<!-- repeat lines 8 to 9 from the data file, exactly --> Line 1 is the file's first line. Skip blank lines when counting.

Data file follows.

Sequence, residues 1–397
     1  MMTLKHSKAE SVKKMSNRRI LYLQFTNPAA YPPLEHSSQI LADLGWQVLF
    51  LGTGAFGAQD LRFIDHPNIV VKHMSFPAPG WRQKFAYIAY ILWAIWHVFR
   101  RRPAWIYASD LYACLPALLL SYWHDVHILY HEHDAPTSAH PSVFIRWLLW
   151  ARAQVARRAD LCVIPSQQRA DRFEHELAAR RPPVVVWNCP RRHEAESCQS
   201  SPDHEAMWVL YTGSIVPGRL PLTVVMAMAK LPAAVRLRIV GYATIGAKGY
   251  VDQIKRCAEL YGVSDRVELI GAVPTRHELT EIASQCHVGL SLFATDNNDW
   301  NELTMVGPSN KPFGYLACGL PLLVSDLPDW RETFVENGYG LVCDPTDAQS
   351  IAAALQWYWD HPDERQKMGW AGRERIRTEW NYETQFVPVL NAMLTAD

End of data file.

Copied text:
   301  NELTMVGPSN KPFGYLACGL PLLVSDLPDW RETFVENGYG LVCDPTDAQS
   351  IAAALQWYWD HPDERQKMGW AGRERIRTEW NYETQFVPVL NAMLTAD